• Oh, it’s my pleasure to mention you and your excellent blog, Cleo. Thanks, too, for suggestion Copycat. It really is a solid look at toxic friendships; and, as you say, was one of the earlier novels dealing with that topic. White is certainly both talented and innovative.

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  3. I’ve read a few books on toxic friendships this year (Animals by Emma Jane Unsworth, and Strictly Between Us by Jane Fallon) but those are not crime books – but those above sound like a great reading list! I am taking notes…

  4. A.M. Pietroschek

    Reblogged this on Bum's Landing Memorial – Andrè Michael Pietroschek at and commented:
    I daresay ‘toxic friendships’ are tragic goodbyes we didn’t dare or manage to say in good time!

  5. A.M. Pietroschek

    Convenience would make a fine demon, if one has that fondness for occult themes. How many wrong decisions just because it was uncomfortable to do the right thing…

    You bring up a good topic with pretty versatile examples. And luckily crime fiction allows us to do what we harshly can prosper with in real life: Pretending a toxic friendship would be worthy, hoping for the best instead of ensuring it becomes reality, or tolerating effects which we cannot be immune to.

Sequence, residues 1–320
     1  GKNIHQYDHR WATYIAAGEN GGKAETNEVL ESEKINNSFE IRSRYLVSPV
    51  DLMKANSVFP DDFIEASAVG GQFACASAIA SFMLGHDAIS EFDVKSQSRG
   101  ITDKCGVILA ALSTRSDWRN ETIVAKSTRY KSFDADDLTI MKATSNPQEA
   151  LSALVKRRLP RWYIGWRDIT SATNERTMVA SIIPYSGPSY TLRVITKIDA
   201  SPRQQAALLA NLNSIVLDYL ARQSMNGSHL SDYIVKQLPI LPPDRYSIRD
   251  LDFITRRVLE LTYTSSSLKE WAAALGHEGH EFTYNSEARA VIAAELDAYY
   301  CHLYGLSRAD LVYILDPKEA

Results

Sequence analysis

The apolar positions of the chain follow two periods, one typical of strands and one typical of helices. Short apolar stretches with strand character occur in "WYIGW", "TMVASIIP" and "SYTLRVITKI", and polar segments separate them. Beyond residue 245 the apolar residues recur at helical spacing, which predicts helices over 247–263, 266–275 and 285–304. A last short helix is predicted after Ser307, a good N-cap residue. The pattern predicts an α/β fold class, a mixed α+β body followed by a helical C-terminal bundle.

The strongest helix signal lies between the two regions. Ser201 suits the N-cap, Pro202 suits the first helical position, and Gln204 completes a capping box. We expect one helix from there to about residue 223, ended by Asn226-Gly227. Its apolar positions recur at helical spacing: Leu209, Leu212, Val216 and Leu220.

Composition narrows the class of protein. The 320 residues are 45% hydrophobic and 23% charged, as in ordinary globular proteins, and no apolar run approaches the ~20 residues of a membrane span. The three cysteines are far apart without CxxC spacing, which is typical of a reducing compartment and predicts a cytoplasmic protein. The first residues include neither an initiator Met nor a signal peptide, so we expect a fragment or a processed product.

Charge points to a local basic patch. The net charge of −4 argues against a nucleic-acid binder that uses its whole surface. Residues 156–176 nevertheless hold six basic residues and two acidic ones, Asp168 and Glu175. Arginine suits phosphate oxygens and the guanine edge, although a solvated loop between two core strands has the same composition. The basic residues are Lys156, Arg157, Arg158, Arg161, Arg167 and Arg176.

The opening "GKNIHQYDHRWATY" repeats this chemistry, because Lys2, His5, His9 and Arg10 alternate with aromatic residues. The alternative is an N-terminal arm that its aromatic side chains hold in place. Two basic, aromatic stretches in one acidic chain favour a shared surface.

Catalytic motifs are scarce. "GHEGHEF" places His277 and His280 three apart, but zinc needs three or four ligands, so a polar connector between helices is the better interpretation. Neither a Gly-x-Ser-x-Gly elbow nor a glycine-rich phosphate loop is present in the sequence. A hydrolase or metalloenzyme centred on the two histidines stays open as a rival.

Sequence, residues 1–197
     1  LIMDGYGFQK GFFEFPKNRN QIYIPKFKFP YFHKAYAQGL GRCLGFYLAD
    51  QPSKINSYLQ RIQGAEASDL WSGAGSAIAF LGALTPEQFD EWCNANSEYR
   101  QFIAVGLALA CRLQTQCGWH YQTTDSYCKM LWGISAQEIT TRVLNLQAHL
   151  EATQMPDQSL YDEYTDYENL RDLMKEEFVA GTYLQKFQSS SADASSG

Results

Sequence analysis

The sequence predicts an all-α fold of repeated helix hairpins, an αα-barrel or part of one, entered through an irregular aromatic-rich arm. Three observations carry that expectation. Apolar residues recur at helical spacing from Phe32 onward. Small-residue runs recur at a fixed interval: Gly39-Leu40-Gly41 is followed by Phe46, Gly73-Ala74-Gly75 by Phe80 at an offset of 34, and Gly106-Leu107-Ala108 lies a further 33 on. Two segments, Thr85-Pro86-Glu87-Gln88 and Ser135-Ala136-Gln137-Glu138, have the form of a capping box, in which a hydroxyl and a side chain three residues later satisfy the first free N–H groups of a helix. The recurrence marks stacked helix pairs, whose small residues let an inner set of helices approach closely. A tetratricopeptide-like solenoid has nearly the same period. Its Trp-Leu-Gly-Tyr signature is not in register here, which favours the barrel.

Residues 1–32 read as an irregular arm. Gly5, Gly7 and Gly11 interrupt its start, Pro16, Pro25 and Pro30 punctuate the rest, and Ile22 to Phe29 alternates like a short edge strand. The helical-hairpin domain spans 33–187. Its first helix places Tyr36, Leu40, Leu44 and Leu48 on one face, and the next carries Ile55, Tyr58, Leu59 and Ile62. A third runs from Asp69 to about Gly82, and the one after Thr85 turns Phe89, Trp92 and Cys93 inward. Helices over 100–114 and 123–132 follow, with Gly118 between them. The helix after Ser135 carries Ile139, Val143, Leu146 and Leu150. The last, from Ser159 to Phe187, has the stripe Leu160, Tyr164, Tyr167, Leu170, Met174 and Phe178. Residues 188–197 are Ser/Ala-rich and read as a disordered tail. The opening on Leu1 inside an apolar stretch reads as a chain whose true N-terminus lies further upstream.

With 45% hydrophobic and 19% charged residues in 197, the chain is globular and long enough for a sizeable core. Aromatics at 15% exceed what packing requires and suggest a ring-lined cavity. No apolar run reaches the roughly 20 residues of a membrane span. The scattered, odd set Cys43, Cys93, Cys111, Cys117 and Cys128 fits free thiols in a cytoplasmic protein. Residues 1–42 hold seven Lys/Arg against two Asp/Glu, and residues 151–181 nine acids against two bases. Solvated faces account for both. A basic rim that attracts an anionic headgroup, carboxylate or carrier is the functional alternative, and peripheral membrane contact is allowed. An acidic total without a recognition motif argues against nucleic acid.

It is easy, when it is a false friend or subtle antagonist being toxic (Fond of stalking now, Thomas K.?), but it is much more mutually-hurtful and strenuous, when both want it to work out well and struggle hard aka invest much energy into efforts to make it be so… (Valerie remembered).

    In crime fiction some very thrilling vengeance and betrayal stems from friendships going awry – though while reading I was so reminded of Angel Heart, Harold Angel aka Johnny Favorite literally sacrificing ALL his former friends to save his… Soul. And murdering them with his own hands, including a daughter he got laid with.

    I re-blogged. Have a nice evening, Margot.

  6. kathyd

    I hadn’t thought about this as a topic, but I read The Suspect. And it’s true that underneath the “friendship,” lies a very toxic situation, and the reader can sympathize with George Wilcox.